Power outages happen for a variety of reasons – storms, earthquakes, fires, scheduled maintenance from the electric company…and yes, even during renovation. Ours was a scheduled power outage to add hard-wired lights to our entertainment center. But, sometimes, even the best contractor will cut through live wires in a wall, which causes the power to go out and stay out until the wires can be repaired.
What is the first thing we should do to prepare for a power outage?
I believe knowledge is power so the first thing you can do is to KNOW your home. Whether you are renting an apartment or own a home, become familiar with your fuse box.
First, find it. Once you’ve found it, make sure that it is labelled correctly. Test it and label it when you have about 30 minutes to dedicate with a friend or family member. If there is a better way out there to do this than the old-fashioned yell back and forth, let me know. I do the slightly updated version…on FaceTime I test each fuse out with someone inside the house.
Many people are afraid of this but you don’t have to be! It’s really easy and empowering. Nothing bad will happen to test the system or to move the toggle switch back and forth. You may have to reset a clock or two, but it’s safe and important to know. There is also a “main” shut – off valve for the entire house. Just know where this is in case of emergency.
This will also help you determine if this is a real power outage, or just a circuit or fuse went out. If a circuit was tripped, you can easily reset it. If it is a true power outage, then move on to protecting you and your family.
How else can we protect our family & home during a power outage?
- Turn off or disconnect appliances, equipment, or electronics. Power may return with momentary “surges” or “spikes” that can cause damage.
- Emergency Kit -Keep an emergency kit on hand with all the essentials you’d need during an emergency.
One of the biggest questions I get regarding a power outage is the FRIDGE. Some say, as long as you keep it closed the food should be fine for a while but let’s dig a little deeper.
The answer is yes and no. The best thing to do is to keep your refrigerator and freezer closed. Try not to open it unless absolutely necessary. This will get you through a small power outage without too much loss.
But for overall safety, keep in mind that it varies, depending on your fridge – how old it is, how strong the seal is around the outside, how full it is – but typically a fridge will keep your food safe for only four hours! Luckily, the freezer will last longer. See our Kenmore refrigerator water filter here that helps to maintain the fridge’s lifetime. If it is half full, you have about 24 hours, and if it full you’ll have about 48 hours.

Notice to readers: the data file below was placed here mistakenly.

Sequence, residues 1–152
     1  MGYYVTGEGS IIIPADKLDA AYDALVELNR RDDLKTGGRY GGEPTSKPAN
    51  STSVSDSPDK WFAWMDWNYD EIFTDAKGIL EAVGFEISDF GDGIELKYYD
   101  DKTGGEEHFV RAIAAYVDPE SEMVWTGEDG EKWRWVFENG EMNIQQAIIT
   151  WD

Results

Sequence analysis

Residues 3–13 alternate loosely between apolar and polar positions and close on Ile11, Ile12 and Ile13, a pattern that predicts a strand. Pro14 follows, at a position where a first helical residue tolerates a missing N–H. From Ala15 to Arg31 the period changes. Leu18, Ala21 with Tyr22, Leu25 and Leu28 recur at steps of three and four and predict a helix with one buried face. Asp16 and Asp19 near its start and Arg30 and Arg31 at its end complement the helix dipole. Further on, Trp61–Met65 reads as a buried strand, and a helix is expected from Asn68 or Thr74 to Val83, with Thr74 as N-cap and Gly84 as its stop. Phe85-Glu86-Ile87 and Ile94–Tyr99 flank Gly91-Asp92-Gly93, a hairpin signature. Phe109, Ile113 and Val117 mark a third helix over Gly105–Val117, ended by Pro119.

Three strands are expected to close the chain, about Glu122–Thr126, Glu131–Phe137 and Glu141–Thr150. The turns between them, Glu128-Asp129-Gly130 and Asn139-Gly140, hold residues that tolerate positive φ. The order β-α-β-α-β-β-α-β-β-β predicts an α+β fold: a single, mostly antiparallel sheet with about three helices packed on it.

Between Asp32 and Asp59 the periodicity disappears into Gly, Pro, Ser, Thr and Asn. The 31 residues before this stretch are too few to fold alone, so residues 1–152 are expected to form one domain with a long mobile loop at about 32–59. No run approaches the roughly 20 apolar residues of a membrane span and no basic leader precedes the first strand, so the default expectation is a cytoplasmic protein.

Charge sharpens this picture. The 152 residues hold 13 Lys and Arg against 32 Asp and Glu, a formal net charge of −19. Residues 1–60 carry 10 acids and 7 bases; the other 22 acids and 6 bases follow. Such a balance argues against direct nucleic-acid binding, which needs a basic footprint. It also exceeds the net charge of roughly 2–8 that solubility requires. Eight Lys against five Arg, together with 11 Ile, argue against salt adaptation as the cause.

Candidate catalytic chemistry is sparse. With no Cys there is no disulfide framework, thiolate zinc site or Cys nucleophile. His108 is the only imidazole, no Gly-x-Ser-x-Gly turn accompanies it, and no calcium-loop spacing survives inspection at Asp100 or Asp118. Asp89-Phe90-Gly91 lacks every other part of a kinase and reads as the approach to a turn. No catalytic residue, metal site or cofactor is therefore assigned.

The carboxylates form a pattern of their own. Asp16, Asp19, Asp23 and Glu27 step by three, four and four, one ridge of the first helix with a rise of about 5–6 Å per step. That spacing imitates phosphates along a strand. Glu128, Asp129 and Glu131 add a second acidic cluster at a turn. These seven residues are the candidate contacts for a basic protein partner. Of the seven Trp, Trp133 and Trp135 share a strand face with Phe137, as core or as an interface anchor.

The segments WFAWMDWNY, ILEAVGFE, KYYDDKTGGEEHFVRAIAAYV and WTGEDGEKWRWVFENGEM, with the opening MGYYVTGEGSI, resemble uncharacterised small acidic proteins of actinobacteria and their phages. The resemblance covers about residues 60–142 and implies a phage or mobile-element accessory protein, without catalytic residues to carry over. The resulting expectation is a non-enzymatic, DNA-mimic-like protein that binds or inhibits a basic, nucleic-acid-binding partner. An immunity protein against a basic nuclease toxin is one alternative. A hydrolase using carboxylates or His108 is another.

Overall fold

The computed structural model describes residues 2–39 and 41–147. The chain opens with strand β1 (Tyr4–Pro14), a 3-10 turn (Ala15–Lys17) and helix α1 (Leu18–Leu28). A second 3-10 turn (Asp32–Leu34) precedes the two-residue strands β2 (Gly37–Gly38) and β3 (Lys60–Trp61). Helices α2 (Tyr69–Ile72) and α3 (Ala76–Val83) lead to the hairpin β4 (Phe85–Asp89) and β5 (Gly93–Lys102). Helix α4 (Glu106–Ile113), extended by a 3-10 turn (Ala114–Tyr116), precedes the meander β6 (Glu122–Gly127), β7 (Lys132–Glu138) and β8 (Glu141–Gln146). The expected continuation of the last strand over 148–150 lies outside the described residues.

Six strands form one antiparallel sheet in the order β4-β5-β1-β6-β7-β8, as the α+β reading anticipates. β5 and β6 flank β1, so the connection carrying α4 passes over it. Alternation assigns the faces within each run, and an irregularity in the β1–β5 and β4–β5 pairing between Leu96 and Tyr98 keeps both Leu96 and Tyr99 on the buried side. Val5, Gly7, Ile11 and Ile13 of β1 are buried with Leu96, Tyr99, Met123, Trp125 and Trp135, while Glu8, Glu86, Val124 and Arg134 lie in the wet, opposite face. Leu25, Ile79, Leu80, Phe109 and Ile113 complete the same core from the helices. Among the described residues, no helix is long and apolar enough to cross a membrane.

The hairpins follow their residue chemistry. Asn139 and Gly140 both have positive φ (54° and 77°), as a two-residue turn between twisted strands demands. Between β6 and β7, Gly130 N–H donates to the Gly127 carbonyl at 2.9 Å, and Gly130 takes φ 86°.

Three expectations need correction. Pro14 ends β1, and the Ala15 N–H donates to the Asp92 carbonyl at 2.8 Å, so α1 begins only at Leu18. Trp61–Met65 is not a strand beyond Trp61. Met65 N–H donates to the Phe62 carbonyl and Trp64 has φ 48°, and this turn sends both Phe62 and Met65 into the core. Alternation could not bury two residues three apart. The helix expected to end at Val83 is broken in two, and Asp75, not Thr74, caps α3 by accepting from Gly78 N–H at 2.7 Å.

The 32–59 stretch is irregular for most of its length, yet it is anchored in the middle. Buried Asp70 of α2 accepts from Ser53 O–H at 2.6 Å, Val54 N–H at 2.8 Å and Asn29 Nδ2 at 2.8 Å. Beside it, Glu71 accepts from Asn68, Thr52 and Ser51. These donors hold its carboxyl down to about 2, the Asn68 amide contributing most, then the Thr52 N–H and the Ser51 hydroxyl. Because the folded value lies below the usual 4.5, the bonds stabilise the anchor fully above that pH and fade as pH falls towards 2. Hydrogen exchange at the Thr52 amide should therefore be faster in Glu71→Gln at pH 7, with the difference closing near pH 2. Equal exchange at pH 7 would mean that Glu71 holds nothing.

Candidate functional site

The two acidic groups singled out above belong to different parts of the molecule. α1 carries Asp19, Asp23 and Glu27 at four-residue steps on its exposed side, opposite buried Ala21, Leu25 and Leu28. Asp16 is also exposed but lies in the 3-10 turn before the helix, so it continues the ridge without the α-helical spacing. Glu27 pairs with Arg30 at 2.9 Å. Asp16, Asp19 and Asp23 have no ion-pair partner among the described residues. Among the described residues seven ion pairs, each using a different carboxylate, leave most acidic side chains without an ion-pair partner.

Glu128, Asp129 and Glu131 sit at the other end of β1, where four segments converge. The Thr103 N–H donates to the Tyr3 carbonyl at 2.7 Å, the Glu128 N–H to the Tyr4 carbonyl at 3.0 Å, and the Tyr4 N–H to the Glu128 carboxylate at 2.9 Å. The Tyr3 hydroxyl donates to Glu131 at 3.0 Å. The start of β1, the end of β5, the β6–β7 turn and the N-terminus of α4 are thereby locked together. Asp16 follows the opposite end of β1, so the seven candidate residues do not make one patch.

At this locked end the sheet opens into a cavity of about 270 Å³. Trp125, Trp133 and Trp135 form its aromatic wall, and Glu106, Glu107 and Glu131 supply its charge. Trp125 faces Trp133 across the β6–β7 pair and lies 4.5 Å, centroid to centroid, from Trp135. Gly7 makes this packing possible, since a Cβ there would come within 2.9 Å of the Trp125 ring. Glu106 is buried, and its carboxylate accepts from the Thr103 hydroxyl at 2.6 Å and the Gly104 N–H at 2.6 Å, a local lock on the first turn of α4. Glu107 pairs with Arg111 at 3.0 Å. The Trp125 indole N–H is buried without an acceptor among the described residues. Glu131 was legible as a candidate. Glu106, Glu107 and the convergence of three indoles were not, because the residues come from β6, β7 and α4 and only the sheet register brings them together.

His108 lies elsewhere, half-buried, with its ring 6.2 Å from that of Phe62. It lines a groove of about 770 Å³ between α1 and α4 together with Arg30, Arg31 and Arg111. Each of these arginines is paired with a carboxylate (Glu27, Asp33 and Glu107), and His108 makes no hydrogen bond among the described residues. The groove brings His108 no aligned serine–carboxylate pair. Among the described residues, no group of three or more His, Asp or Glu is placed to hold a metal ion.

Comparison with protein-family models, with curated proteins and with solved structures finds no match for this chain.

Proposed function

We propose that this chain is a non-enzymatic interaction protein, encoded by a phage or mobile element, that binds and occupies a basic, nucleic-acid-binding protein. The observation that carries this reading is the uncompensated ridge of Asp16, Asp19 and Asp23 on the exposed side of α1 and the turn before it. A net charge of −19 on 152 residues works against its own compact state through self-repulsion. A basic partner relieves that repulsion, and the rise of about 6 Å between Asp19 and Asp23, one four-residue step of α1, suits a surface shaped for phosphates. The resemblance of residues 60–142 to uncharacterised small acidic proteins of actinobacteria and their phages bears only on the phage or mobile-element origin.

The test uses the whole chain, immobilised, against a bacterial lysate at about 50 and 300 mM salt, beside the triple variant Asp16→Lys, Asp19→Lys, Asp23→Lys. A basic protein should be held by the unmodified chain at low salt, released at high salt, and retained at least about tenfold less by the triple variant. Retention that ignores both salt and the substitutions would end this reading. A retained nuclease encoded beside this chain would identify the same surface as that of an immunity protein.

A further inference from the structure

If you know that this power outage is going to happen, like during a renovation and the power will be out for more than 48 hours here is what you can do!
- Preemptively freeze your fresh meat, poultry, leftovers. Anything high in moisture will freeze well, and keeping it in the freezer rather than the refrigerator, will give you a higher chance of keeping it from spoiling.
If you’re surprised by the power outage, you need to make sure you protect yourself. Here are few things you can do!
- Open your fridge as little as possible. When you do, try to take everything you need out of it in one go. Eat meats and dairy items first because they are likely to spoil faster. Save canned foods and non-perishables for last. Once the refrigerator food has been diminished, eat the food in the freezer.
- Keep a temperature gauge in your freezer and fridge. When you finally have power again check the temperature gauge. Discard any perishable food such as meat, poultry, fish, soft cheeses, milk, eggs, leftovers and deli items that have been kept in a refrigerator or freezer above 40 degrees F for two hours or more. This is the “danger zone” for when bacteria growth is higher than we want it to be. When in doubt, throw it out.
- Keep a cooler and freezer packs on hand. If you have medications that you need to keep refrigerated. Pick up a couple instant cold packs (the kind that activate on their own). You know, the kind you’d normally keep on an injury. Put them in a cooler with your meds and keep them as cool as possible. Check with your doctor to make sure that your medication would be safe this way.
Make sure you enter our Spring Fever competition where you could win $50,000 towards your own home renovation! How amazing is that? Details on how to enter can be found at Home & Family.